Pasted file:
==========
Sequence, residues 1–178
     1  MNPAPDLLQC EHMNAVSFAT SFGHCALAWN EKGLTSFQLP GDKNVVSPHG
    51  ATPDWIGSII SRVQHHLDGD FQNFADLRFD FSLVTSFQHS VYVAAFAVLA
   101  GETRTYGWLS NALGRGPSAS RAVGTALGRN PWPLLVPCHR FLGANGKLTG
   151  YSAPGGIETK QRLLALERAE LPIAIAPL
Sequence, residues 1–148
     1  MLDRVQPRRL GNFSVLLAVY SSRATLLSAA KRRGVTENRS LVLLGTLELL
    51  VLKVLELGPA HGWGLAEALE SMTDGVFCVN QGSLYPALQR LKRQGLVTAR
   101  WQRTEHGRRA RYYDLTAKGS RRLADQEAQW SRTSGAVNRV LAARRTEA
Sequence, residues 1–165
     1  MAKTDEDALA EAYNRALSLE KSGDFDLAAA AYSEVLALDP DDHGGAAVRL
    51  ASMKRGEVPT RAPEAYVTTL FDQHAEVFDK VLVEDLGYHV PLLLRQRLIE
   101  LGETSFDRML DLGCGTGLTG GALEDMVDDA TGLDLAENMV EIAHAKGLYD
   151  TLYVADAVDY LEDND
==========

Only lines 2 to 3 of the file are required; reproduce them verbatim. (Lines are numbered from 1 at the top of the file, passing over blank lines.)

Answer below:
     1  MNPAPDLLQC EHMNAVSFAT SFGHCALAWN EKGLTSFQLP GDKNVVSPHG
    51  ATPDWIGSII SRVQHHLDGD FQNFADLRFD FSLVTSFQHS VYVAAFAVLA